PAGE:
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Ministry Leadership

People Do Things for Their Reasons, Not Yours

But now I said to them, "You know very well what trouble we are in. Jerusalem lies in ruins, and its gates have been destroyed by fire. Let us rebuild the wall of Jerusalem and end this disgrace!" — Nehemiah 2:17

Gordon Bethune took over Continental Airlines as CEO when it was in a free fall in 1994. The airline had one of the worst on-time records in the business. Customer service almost didn't exist. Planes were dirty. Workers lost luggage.

The first problem Bethune tackled was the on-time record. He pledged non-manager workers $65 bonuses every month the airline's on-time rate put it in the top five nationwide. Baggage handlers, gate and reservation clerks, flight attendants, and secretaries were all part of the pool.

He arrived at the $65 by determining what it cost the company each month to run flights late. At $5 million per month, Bethune was willing to give half of that back to the employees ($65 times 40,000 employees) if they turned their on-time record around. He announced the program in January 1995. In February of 1999, 80% of Continental's flights landed on time.

By providing a financial windfall to the employees, all of a sudden, planes were clean. Motivation was up. So were profits. People were doing things for their reasons.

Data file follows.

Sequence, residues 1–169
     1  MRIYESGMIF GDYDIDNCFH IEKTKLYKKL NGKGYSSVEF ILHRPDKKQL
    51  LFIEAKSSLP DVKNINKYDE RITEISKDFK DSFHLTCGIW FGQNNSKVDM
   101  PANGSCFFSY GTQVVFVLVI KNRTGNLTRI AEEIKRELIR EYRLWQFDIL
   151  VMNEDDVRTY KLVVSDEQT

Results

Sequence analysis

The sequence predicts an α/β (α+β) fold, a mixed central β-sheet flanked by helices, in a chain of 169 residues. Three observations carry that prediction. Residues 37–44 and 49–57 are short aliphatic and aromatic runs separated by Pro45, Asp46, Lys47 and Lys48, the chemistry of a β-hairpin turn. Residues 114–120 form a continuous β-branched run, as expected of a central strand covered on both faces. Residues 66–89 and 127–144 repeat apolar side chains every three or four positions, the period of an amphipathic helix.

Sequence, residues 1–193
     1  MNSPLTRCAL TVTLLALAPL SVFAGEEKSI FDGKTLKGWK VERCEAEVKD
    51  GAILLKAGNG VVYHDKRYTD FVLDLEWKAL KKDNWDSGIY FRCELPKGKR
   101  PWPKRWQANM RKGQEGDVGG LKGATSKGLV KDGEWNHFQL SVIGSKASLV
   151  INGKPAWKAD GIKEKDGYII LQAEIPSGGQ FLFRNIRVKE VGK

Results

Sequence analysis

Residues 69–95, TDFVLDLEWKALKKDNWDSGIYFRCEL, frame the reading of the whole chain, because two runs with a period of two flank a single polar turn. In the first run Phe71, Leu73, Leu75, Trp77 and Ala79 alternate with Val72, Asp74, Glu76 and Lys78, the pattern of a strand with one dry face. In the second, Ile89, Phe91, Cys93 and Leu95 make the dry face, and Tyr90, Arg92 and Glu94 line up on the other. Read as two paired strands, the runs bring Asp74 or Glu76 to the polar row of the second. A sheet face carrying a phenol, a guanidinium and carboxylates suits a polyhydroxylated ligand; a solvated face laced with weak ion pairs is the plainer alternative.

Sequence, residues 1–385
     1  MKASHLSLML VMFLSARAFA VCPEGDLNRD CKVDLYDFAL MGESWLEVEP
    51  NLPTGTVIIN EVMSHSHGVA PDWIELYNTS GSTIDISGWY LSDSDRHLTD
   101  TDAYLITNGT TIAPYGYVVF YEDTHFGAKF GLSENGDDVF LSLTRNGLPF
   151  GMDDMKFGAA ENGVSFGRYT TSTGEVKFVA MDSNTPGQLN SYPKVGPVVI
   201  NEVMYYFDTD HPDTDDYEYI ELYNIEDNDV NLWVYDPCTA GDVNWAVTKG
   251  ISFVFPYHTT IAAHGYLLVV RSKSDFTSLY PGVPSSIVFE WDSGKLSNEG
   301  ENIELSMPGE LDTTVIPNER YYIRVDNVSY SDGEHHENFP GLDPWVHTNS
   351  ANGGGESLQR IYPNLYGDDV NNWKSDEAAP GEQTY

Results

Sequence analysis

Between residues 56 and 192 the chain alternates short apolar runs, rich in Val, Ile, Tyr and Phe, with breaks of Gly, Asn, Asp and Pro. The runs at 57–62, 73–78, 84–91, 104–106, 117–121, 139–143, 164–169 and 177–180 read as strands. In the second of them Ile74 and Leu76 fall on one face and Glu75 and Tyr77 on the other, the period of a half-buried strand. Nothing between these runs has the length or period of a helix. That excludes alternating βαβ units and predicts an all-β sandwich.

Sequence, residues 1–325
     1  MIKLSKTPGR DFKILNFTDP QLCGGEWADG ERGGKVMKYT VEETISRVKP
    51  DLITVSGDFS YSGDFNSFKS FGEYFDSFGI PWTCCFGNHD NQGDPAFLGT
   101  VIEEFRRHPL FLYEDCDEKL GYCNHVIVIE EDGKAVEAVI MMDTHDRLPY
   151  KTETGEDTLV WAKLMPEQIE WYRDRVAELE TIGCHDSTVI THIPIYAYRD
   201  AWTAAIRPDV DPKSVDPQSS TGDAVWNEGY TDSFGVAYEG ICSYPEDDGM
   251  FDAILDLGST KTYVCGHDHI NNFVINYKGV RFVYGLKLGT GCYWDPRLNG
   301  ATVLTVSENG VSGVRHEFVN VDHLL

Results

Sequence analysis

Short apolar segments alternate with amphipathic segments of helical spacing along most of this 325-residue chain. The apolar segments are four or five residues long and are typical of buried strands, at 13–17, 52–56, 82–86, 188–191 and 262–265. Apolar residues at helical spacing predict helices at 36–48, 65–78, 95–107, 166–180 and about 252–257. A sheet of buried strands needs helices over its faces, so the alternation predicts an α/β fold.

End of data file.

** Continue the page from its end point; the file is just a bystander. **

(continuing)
During Nehemiah's time, the city walls encircling Jerusalem, God's holy city, lay in ruins. It was a disgrace. A city's walls were for protection. Without the stone barricade and nothing to stop their enemies, the inhabitants were defenseless and vulnerable to attack.

People are experts in cost-benefit analysis. Everybody asks, "What's in it for me?" Constructed walls around Jerusalem would benefit the residents of the city. Nehemiah knew this and acted on it. He led the people of Jerusalem to rebuild the wall, not for his sake (he lived a thousand miles away) but for their sake. And, it wasn't an extra $65 a month in their paycheck; it was for the protection of their very lives and their families.

One can poke, prod, and push people, and they don't move. But give them a good reason--one of their reasons--a way in which they will benefit, and they will follow where you lead.

People do things for their reasons, not your reasons. Their reasons.


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